title
Steger
 

Where does polar explorer
Will Steger
surf the Web?

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Biography: Will Steger, Polar Explorer
Will Steger holds many job titles—educator, writer, photographer, and lecturer. But polar explorer is perhaps his best known and hardest-won. Steger first reached the North Pole in 1986, leading a team of six by dogsled. He returned again in 1995, while crossing the Arctic Ocean from Russia to Ellesmere Island, Canada, with a team of five by dogsled and specially adapted canoes. Steger has also kayaked thousands of miles of northern rivers, including the Peace, MacKenzie, and Yukon. He often blazes new trails on the digital frontier, posting dispatches from his expeditions to millions over the Internet.
   
Why These Are Favorites
Arctic Circle
[arcticcircle.uconn.edu/index.html]
  “The University of Connecticut Library’s site is a great place to start learning about issues in the Arctic.”

Arctic Studies Center
[www.nmnh.si.edu/arctic/]
  “The Smithsonian program is dedicated to the study of Arctic and subarctic peoples, cultures, and environments.”

The Aurora: Information and Images
[www.pfrr.alaska.edu/~pfrr/AURORA/INDEX.HTM]
  “Part of the magic of traveling on a cold Arctic night is seeing the aurora borealis in all its glory.”

The Aurora Page
[www.geo.mtu.edu/weather/aurora/images/space/]
  “My favorite images of the northern lights are ones viewed from space!”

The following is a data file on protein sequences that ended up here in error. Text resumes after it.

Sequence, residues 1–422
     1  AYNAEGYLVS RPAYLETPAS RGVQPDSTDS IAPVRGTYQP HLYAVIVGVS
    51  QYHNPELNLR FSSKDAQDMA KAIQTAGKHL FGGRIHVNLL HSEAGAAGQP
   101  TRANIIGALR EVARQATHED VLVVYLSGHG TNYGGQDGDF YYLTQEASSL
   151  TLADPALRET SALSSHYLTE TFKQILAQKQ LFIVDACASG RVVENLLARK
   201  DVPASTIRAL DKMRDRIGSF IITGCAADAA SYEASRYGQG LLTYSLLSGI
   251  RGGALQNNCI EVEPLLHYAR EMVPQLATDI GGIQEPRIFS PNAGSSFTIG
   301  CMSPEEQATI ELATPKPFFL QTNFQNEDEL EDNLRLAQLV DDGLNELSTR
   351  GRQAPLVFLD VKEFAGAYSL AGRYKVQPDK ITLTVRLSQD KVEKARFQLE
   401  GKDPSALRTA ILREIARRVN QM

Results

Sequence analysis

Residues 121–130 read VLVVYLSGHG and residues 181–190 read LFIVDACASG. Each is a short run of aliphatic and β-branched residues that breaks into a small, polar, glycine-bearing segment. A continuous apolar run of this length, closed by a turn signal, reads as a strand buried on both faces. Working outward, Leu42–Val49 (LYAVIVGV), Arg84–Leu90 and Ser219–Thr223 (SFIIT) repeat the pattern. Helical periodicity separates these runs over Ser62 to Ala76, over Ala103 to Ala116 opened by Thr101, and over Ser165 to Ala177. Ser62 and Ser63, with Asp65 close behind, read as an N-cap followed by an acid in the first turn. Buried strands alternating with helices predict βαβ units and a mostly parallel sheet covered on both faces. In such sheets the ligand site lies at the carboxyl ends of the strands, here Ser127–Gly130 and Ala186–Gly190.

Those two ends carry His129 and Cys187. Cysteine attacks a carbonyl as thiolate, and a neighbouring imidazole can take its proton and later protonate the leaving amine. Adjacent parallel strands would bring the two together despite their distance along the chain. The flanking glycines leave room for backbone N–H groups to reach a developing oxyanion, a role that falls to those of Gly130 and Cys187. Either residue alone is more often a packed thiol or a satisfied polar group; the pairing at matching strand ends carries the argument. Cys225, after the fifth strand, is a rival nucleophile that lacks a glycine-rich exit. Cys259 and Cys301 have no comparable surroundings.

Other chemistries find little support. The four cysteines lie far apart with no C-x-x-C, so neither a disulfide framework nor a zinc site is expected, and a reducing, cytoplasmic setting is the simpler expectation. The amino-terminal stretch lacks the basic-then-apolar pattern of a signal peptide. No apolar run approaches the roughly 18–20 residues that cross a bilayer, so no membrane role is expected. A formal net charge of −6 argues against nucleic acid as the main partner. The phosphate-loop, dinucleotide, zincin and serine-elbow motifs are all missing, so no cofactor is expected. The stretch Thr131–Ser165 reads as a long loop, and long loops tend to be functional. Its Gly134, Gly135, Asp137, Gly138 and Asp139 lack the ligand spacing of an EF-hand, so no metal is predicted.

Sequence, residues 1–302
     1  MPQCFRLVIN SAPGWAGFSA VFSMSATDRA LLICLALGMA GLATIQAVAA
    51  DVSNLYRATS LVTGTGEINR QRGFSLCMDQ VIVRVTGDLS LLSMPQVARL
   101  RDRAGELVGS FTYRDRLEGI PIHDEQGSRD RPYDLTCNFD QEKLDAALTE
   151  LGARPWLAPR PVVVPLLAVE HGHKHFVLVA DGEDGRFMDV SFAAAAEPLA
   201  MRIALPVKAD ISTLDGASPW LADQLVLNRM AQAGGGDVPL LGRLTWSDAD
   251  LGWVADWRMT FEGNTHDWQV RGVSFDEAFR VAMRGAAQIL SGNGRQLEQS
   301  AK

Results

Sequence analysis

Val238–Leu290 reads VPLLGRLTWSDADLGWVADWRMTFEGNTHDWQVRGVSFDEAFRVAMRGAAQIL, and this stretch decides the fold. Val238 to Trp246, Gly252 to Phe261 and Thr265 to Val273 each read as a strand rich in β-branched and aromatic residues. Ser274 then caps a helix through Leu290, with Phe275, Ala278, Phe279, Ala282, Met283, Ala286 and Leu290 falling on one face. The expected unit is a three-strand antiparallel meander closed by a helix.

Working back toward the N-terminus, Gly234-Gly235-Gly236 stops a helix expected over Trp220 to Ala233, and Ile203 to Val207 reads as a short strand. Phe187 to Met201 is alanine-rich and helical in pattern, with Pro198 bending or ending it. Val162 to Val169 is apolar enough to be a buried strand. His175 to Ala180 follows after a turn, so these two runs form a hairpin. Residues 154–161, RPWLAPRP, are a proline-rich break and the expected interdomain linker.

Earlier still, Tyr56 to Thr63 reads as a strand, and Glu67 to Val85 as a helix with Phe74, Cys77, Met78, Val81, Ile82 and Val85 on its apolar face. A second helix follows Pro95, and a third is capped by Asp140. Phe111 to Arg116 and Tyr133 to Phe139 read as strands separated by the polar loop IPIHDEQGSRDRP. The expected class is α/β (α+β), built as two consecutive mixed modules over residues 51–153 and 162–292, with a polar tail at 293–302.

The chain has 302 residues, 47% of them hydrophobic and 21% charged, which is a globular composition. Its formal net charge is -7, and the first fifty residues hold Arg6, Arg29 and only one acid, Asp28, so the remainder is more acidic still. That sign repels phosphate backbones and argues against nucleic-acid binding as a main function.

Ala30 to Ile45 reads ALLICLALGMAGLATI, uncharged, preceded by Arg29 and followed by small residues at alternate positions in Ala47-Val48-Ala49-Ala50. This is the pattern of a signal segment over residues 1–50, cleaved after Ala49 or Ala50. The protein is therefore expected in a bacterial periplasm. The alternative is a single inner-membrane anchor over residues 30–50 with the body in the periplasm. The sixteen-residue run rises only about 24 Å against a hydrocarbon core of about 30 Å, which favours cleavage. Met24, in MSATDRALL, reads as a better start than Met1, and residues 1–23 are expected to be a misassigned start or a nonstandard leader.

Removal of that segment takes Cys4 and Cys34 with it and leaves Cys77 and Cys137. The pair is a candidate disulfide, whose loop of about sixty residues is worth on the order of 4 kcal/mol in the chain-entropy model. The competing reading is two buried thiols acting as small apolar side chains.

Churchill Northern Studies Centre
[www.brandonu.ca/CNSC/welcome.htm]
  “This has a nice collection of information on the southern Arctic, especially as the region is a popular site for polar bears.”

North House Folk School
[www.northhouse.org]
  “I like this type of hands-on teaching—it is a component missing in our education system.”

Polar Pointers
[polarmet.mps.ohio-state.edu/polarpointers/PolarPointers.html]
  “I love sites that direct you to lots of other good spots.”

Sea Ice
[kidsat.jpl.nasa.gov/kidsat/exploration/explorations/ice/main.htm]
  “Traveling the Arctic Ocean, you appreciate the nuances of constantly shifting sea ice. Learning how to read it correctly keeps you alive.”

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Find Out More About Will Steger
Solo from the Pole @ nationalgeographic.com
[www.nationalgeographic.com/features/97/ice.html]
  In 1997 Will Steger planned a solo trek from the North Pole to Ellesmere Island, Canada. Treacherous conditions ultimately forced him to abandon his expedition and await rescue. Follow his odyssey through dispatches, audio files, and photos.

Outside: “Many, Many Souls on Ice”
[www.outsidemag.com/magazine/0395/3di_expd.html]
  Read more about Will Steger’s planned North Pole expedition during the busy 1995 season.

Will Steger’s Wilderness Journals
[beyond.landsend.com/steger]
  From January to May 1999, Will Steger wintered in a pole tent on an island in Canada’s Saganaga Lake. His essays and photographs document the experience.


Photograph by Kent Kobersteen

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